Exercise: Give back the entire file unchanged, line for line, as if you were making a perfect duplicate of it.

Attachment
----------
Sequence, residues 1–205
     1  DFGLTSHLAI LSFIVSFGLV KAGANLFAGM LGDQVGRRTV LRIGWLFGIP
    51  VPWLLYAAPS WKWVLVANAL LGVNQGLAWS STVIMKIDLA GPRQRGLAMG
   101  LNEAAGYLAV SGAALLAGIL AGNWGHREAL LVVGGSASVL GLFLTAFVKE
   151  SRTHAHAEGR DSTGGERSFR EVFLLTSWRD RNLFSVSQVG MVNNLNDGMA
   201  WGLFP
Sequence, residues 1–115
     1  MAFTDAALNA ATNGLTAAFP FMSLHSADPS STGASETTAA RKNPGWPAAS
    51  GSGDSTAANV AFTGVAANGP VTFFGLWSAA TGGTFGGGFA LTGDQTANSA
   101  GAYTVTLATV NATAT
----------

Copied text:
Sequence, residues 1–205
     1  DFGLTSHLAI LSFIVSFGLV KAGANLFAGM LGDQVGRRTV LRIGWLFGIP
    51  VPWLLYAAPS WKWVLVANAL LGVNQGLAWS STVIMKIDLA GPRQRGLAMG
   101  LNEAAGYLAV SGAALLAGIL AGNWGHREAL LVVGGSASVL GLFLTAFVKE
   151  SRTHAHAEGR DSTGGERSFR EVFLLTSWRD RNLFSVSQVG MVNNLNDGMA
   201  WGLFP
Sequence, residues 1–115
     1  MAFTDAALNA ATNGLTAAFP FMSLHSADPS STGASETTAA RKNPGWPAAS
    51  GSGDSTAANV AFTGVAANGP VTFFGLWSAA TGGTFGGGFA LTGDQTANSA
   101  GAYTVTLATV NATAT